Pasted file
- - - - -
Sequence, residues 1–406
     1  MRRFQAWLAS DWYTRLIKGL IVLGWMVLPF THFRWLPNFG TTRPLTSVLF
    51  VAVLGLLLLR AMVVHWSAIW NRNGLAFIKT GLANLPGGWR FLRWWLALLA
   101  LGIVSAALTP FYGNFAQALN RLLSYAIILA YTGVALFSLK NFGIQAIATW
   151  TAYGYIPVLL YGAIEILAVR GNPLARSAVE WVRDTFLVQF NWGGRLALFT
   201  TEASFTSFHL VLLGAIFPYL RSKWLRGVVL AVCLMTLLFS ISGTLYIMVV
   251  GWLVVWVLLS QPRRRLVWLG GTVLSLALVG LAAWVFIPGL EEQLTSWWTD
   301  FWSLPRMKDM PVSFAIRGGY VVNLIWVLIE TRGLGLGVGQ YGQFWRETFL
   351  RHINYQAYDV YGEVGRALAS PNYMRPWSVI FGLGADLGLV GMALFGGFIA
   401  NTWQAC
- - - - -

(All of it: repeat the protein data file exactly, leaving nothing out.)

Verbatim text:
Sequence, residues 1–406
     1  MRRFQAWLAS DWYTRLIKGL IVLGWMVLPF THFRWLPNFG TTRPLTSVLF
    51  VAVLGLLLLR AMVVHWSAIW NRNGLAFIKT GLANLPGGWR FLRWWLALLA
   101  LGIVSAALTP FYGNFAQALN RLLSYAIILA YTGVALFSLK NFGIQAIATW
   151  TAYGYIPVLL YGAIEILAVR GNPLARSAVE WVRDTFLVQF NWGGRLALFT
   201  TEASFTSFHL VLLGAIFPYL RSKWLRGVVL AVCLMTLLFS ISGTLYIMVV
   251  GWLVVWVLLS QPRRRLVWLG GTVLSLALVG LAAWVFIPGL EEQLTSWWTD
   301  FWSLPRMKDM PVSFAIRGGY VVNLIWVLIE TRGLGLGVGQ YGQFWRETFL
   351  RHINYQAYDV YGEVGRALAS PNYMRPWSVI FGLGADLGLV GMALFGGFIA
   401  NTWQAC